Mama kits to increase institutional deliveries (3DE)

Location: Zambia

Client: Zambia Ministry of Health, Zambia Ministry of Community Development, Mother and Child Health

Sector: Health

IDinsight service: Randomized evaluation

Partners: DFIDClinton Health Access Initiative, UNICEF

Mama-Kits-0363
Safe Motherhood Action Groups in Eastern Province, Zambia introduced to Mama Kit components: chitenge cloth, cloth nappies, and baby blanket.

Background
Institutional delivery is highly correlated with improved maternal and infant survival, and Zambia has piloted a number of interventions to attempt to improve its institutional delivery rates. However, the relative impacts and cost-effectiveness of these interventions remain largely unknown, and Zambia’s institutional delivery rates still remain low at 43 percent, with even lower rates for rural areas.[i]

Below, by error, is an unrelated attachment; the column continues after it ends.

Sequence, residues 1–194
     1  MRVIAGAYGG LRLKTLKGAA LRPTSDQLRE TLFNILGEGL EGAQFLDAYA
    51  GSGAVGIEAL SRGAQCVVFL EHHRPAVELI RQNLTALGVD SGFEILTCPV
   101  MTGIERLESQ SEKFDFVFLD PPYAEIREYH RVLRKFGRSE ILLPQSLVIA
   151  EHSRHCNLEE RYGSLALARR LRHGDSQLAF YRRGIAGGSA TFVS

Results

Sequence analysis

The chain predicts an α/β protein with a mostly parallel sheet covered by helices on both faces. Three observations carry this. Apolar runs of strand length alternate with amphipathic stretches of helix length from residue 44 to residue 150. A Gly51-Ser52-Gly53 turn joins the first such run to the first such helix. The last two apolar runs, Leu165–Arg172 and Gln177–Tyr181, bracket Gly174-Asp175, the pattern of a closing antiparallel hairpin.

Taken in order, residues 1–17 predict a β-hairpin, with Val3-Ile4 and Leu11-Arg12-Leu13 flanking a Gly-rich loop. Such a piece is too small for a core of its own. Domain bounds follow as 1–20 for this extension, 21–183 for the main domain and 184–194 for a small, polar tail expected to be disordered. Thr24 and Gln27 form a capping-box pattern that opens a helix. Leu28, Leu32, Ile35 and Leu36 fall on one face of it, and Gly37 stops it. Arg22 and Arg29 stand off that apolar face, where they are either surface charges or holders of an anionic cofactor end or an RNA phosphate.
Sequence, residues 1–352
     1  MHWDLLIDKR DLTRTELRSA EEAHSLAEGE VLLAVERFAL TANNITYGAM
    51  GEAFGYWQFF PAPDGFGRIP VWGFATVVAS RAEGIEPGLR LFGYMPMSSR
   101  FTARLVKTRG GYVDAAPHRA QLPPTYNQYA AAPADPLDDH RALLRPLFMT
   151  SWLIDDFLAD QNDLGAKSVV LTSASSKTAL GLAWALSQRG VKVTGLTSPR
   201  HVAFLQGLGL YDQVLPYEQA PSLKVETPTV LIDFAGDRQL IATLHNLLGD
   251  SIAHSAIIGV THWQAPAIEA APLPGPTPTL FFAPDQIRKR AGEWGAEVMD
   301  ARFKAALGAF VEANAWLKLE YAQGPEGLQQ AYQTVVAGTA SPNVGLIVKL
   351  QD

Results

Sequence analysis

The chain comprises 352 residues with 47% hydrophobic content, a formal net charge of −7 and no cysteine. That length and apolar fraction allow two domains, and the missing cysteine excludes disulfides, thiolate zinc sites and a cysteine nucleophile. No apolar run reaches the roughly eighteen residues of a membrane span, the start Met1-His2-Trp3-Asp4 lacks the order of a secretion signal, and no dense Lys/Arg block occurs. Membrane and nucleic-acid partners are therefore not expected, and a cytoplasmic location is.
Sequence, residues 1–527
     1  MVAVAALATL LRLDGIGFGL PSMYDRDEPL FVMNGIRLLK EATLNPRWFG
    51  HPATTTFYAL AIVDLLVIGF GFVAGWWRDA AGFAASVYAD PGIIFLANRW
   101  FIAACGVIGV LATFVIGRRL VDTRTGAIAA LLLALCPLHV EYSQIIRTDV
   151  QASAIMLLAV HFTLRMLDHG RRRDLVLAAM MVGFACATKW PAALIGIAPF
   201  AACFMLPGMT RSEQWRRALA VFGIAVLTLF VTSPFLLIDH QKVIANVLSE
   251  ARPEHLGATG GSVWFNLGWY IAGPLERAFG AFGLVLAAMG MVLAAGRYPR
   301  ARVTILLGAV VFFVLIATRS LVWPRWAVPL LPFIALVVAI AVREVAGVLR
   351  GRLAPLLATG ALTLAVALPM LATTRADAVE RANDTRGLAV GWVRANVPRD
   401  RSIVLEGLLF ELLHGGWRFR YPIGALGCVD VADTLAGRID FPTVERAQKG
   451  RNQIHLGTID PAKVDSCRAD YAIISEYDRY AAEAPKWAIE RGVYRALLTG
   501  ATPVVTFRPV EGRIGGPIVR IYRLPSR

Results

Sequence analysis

Interventions
Non-monetary “mama kit” gifts, provided to pregnant mothers conditional on delivering in a health facility, have been used by several actors in Zambia to incentivize institutional delivery.  However, no rigorous evidence exists about the cost-effectiveness of mama kits.  Zambia’s MoCDMCH and MOH commissioned an impact evaluation to measure the cost-effectiveness of a planned mama kit program to inform national policy.

IDinsight service
IDinsight designed and is implementing a clustered randomized controlled trial supplemented with qualitative inquiry and cost-effectiveness modeling to generate rigorous evidence about ideal mama kit contents, operations and cost-effectiveness.

Click here to read the Mama Kits policy brief

 


[i] Abwao, S., P. Kalesha-Masuma, and N. Mugala. Scaling up Newborn Health: Zambia. Draft. October 2007.